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IN A WORD, CONGRESSMAN SEEKS SALVATION

Congressman Peeples is considering contrite. He's in the airport lounge waiting for his flight home, the dictionary spread across his lap. They're all there, waiting for their flights home - more congressmen than you can shake a scandal at.

"Contrite. 1. Caused by or showing sincere remorse." Not bad, Peeples is thinking, and he rolls the words around on his tongue just to get the feel of them. "Friends," he's saying, not quite out loud, "I come to you today sincerely remorseful." That might do it."2. filled with a sense of guilt and" - Wait a minute! thinks Peeples - who said anything about feeling guilty? I start feeling guilty, somebody'll start thinking I've done something wrong. And what happens then?

Peeples knows what happens then: He has to find another job. But it's all so unfair! Sure, he used the House bank - they all did, that's what it was there for. And sure, he wrote a few checks - well, more than a few, to be precise about it - for more than he had in his account, technically speaking, at some particular arbitrary moment. But guilty? He just doesn't feel guilty.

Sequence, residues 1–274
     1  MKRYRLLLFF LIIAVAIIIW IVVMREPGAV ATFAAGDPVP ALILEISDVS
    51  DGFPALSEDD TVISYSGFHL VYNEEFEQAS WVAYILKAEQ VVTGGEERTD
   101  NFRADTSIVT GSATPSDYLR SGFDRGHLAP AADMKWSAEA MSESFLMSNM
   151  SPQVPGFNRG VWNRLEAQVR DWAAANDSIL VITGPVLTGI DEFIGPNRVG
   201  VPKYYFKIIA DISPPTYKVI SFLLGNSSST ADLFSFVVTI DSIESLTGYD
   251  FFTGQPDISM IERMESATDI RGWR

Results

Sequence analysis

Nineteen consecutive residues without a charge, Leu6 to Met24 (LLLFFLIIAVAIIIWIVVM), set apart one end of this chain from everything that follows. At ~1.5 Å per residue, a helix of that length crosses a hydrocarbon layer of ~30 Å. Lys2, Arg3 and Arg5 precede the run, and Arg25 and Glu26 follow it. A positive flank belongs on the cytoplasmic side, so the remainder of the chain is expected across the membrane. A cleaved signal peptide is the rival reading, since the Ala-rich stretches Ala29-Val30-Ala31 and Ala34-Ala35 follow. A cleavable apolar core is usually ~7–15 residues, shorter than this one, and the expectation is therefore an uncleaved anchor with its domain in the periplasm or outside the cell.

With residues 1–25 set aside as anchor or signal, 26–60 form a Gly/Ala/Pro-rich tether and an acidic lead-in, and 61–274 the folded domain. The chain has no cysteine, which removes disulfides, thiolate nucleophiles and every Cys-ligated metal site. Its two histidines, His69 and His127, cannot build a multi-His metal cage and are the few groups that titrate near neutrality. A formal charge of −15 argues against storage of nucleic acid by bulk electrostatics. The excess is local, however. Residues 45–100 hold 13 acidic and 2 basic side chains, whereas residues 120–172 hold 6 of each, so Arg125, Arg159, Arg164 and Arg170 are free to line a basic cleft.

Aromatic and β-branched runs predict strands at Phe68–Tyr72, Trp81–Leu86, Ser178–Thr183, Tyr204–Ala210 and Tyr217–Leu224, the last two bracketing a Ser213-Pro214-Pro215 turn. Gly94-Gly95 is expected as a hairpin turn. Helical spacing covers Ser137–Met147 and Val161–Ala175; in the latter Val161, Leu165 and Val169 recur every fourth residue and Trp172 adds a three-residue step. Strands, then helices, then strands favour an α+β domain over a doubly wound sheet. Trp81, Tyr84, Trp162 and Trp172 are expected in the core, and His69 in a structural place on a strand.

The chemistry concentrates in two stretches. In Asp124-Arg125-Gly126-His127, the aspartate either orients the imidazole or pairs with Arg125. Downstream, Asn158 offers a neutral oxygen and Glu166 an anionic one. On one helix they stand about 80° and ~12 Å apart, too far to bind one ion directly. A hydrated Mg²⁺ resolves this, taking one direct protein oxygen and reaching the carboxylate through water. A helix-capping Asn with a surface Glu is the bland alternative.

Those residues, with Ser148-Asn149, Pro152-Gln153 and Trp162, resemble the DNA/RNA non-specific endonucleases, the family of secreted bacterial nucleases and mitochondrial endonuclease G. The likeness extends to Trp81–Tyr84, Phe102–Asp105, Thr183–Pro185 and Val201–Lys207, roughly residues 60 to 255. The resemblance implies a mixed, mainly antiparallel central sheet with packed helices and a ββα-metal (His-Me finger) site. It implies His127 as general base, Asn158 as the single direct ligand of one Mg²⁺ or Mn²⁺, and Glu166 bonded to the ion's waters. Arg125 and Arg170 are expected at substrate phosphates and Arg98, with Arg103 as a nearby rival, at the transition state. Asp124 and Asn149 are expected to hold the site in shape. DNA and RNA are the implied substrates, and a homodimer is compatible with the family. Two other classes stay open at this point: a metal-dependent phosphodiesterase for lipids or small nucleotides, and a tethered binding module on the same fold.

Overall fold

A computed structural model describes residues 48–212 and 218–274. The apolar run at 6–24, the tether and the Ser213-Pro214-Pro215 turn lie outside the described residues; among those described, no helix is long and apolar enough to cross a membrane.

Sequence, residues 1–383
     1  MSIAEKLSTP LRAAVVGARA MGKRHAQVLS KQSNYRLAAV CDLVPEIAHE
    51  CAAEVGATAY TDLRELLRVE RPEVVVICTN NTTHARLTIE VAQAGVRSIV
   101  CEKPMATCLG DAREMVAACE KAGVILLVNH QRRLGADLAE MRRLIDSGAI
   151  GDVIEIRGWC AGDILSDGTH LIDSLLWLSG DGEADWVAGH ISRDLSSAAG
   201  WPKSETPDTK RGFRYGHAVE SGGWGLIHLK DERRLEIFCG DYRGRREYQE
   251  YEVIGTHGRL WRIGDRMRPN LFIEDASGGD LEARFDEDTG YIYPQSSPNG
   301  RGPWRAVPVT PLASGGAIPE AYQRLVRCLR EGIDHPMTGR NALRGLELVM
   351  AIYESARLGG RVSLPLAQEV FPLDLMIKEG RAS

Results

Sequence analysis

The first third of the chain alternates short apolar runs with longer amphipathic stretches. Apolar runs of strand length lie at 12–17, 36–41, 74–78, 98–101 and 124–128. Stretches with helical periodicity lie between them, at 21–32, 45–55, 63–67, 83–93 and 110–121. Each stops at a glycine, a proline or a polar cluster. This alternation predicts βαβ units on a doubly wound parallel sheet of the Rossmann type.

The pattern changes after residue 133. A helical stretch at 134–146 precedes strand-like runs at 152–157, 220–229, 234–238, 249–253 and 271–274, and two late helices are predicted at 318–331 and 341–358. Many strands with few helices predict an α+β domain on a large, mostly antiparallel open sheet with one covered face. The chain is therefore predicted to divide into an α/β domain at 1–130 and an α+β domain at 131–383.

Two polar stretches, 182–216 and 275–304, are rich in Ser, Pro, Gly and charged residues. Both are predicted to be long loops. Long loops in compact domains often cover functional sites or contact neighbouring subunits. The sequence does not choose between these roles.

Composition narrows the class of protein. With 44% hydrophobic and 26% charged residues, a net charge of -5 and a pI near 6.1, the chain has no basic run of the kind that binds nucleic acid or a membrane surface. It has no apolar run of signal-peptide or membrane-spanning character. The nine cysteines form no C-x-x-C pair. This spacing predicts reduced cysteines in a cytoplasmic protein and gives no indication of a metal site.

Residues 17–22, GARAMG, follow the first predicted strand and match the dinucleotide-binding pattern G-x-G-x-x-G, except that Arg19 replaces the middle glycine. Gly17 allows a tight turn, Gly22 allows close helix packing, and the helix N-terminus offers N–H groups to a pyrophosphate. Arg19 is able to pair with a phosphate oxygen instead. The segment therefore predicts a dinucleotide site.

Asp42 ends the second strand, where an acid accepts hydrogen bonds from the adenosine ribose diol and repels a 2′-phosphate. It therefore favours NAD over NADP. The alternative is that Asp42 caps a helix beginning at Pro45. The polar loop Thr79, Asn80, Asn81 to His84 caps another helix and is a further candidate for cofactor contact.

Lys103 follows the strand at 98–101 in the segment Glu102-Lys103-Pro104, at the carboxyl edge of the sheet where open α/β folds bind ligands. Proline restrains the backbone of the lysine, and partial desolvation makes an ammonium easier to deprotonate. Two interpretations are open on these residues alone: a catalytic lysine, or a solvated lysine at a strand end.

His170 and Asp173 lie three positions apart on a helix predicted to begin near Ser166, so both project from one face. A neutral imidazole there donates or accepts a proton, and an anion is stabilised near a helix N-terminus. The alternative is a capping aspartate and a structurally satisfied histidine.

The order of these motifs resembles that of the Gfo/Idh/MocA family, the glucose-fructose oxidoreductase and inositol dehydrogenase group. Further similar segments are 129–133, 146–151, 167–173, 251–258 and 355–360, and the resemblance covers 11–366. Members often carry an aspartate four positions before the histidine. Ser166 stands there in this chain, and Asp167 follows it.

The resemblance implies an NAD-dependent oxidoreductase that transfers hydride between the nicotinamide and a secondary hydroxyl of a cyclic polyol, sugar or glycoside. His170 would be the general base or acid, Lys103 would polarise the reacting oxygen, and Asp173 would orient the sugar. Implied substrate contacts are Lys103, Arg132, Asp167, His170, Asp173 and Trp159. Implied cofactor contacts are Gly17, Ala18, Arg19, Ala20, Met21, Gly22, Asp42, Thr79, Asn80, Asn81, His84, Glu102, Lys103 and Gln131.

So forget contrite. Apologetic is still the front-runner: "1. sorry, regretful." Short and sweet. "Friends," he says, "I come to you today a sorry congressman." Something's wrong there, Peeples is thinking; it sounded better last time.

Words - that's what he was telling his speechwriter before he left for the airport - I have to use exactly the right words. And what did his speechwriter do? Handed him a dictionary!

All the good excuses were already taken. So were all the good jokes. Here he was instead, with a dictionary in his lap and a messy feeling in the pit of his stomach.

Outrageous.

Could he be outraged? Could he lash out, hurl charges, demand justice? "Leaks - that's the real issue here! Who leaked that list of -"

He was never much good at outrage.

Victimized? A dedicated public servant's career in jeopardy because of a few hundred innocent mistakes? A hard sell. He'd already seen the first bumper stickers: "Peeples Bounced Us, Let's Bounce Peeples." And the talk shows back home are just getting geared up. Peeples riffles through the dictionary, still searching for the right word.

Evasive. Repentant. Nonchalant.

Patient.

A smile crosses Peeples' lips for the first time in days. Patient - of course! "1. bearing pains or trials calmly or without complaint. 2. not hasty or impetuous." It's a long, long time from March to November. Today it's the bank, but by Election Day, Peeples tells himself, it'll be something else entirely. Nobody'll even remember the bank.

Is this a great country or what? Pee-ples is thinking. He finds the nearest trash can, tosses that dictionary away.

They're calling his plane.